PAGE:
Friday, November 11, 2005

Origins of the term "Reformational"

In response to an earlier post, Steve Bishop shared definitions from the OED of the terms Neo-Calvinism and Reformational.

Later he posted a query on Thinknet to which Danie Strauss replied identifying Dooyeweerd's use of the term as early as 1926 in his Inaugural Address (page 108, note 7):
“Vgl. hier ook de summiere analyse van het wijsgeerig verschil tusschen de Thomistische en de Calvinistische wetsidee. De leer der substantieele vormen kan het Calvinisme nimmer vernieuwen. Want zij hangt samen met een natuurbeschouwing, die tegen de reformatorische rechtdraads ingaat en heeft tot grondslag gediend aan de Roomsche “Vermittlung” tusschen natuur en genade. Zij strijdt ook ten eenen male met de Calvinistische grensgedachte der wet” / “Compare here also my succinct analysis of the philosophical difference between the Thomistic and the Calvinistic cosmonomic idea. The theory of substantial forms can never be renewed by Calvinism for it coheres with a view of nature that directly contradicts the reformational and it formed the basis of the Roman mediation between nature and grace. It is also once and for all in conflict with the Calvinistic understanding of the law as boundary.”).

Saturday, November 05, 2005

Further defining "Reformational"

In retrospect, I think my last entry, "Defining 'Reformational'," should have been titled "Describing 'Reformational.'" I'll make a modest attempt at defining Reformational in this entry and do so "experientially."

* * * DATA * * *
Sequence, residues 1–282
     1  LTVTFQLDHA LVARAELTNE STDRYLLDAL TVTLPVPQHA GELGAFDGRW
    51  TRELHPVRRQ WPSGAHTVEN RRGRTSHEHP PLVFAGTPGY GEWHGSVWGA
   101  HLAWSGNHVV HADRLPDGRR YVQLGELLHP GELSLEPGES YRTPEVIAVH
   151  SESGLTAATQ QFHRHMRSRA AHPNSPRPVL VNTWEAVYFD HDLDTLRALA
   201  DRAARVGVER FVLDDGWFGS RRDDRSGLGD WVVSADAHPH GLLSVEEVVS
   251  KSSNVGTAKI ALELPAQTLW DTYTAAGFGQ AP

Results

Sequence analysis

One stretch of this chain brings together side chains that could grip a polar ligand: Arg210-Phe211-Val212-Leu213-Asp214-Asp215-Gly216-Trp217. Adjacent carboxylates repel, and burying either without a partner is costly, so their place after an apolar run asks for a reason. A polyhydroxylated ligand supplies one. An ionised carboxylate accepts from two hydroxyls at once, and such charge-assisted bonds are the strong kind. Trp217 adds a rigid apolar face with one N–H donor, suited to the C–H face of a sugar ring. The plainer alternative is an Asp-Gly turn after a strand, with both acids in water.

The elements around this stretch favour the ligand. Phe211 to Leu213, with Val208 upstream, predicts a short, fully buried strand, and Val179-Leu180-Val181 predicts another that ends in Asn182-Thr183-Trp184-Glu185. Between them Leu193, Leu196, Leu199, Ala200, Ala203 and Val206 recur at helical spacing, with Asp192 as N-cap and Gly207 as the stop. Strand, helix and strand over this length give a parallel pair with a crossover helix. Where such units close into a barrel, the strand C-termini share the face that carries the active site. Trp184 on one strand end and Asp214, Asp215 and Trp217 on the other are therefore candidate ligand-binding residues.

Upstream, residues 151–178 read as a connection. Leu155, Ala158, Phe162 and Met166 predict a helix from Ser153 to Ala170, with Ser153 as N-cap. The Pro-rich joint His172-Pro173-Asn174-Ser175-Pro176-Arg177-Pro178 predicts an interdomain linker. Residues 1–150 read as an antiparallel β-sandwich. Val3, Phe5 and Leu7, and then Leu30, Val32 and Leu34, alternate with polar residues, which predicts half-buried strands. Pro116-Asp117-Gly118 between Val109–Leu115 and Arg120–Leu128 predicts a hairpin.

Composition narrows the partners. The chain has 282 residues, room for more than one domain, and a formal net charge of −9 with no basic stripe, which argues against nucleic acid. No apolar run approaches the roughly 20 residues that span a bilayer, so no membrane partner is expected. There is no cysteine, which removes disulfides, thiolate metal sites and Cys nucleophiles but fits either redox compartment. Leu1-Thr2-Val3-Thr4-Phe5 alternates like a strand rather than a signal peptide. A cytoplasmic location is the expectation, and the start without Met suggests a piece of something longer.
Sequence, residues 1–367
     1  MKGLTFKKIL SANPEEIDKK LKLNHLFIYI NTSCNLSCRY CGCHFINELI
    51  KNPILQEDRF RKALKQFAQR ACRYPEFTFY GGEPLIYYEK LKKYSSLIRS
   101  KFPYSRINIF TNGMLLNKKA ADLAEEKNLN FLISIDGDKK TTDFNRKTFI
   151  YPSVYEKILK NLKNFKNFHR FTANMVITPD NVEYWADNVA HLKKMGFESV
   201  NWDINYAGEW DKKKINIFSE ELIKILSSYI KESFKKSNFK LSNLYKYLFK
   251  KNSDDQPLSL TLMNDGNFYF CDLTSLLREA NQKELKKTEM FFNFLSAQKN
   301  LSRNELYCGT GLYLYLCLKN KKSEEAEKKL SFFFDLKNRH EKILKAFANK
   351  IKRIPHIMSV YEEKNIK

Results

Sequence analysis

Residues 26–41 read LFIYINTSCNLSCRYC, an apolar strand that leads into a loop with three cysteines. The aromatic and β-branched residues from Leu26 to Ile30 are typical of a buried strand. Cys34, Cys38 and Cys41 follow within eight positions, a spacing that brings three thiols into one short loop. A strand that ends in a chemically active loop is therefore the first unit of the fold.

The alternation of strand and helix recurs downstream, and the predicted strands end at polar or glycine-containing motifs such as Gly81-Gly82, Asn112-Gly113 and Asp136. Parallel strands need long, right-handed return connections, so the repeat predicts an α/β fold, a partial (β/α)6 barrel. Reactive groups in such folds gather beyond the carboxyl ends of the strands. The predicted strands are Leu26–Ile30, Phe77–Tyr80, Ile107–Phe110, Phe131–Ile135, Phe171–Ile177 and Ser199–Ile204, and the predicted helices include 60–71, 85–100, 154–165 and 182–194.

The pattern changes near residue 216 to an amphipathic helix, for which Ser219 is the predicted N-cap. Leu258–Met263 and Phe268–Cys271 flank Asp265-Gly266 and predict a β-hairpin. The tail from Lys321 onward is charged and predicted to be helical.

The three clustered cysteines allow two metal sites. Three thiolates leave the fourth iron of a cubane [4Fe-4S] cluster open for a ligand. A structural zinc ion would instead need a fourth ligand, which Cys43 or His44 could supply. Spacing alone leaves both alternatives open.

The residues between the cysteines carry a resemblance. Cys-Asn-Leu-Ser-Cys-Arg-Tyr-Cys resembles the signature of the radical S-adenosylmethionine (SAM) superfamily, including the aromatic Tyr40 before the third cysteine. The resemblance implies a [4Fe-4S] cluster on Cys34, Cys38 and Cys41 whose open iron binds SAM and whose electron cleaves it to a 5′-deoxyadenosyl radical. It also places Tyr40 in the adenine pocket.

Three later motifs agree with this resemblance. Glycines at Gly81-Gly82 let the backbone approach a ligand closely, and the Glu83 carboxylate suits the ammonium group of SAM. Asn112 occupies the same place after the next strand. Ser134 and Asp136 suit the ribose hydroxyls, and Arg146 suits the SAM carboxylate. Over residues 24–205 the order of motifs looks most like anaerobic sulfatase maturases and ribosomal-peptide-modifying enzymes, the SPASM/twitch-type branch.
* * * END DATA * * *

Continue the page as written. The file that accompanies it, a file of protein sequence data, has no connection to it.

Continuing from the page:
At an accidental blog, Steve Bishop took some inspiration from me and began exploring the essential aspects of Neo-Calvinism and its relationship to branches of/movements within Christianity.

In response to his initial list of Neo-Calvinist particulars, I added "the centrality of the Word," not in the Biblistic way of Fundamentalist teaching, but in the broader and traditional Reformed sense which recognizes that God's Word is expressed in his Creation, in Jesus Christ, and in the Written Word.

This is, and has long been important to me as a Christian--the centrality of the Word and the need for us to conform ourselves to it. But as important as this is, I realize a central key to my own thinking (insofar as I understand myself to think Reformationally) is something other than this. I talk to many Christians who are Reformed, conservative, evangelical, or some combination of the three and frequently find those who would agree with me on the importance of the centrality of Word, but after that, our agreement usually quickly breaks down.

What is the essential point of disagreement? More often than not, it boils down to an understanding, or lack of understanding, of the Creation Order. This, I think, is what characterizes my own thinking as a Christian and is the key element in Reformational thinking.

Of course, this is no brilliant insight on my part. I only mean to highlight that my experience as I interact with other believers (as well as non-believers) has demonstrated to me how fundamental the concept of the Creation Order is to Reformational thinking.

I like how Al Wolter's expresses it in his essay "What is to be done . . .":
To thus see every thing in our experience as being fundamentally shaped and constituted by God's workmanship in creation (and thus very good), and at the same time as being subject to the mis-shaping and re-shaping forces of man's sin and God's grace (and thus simultaneously evil and in principle redeemable), is to my mind to capture the basic intuition of the neocalvinist worldview . . .
He further states
This basic vision implies a fundamental affirmation of creation in all its pluriform variety, and at the same time a deep sense of the extensive damage done by sin, as well as the ultimate recoverability (by God's grace in Christ) of even the most desperately distorted ontological shapes in our fallen world.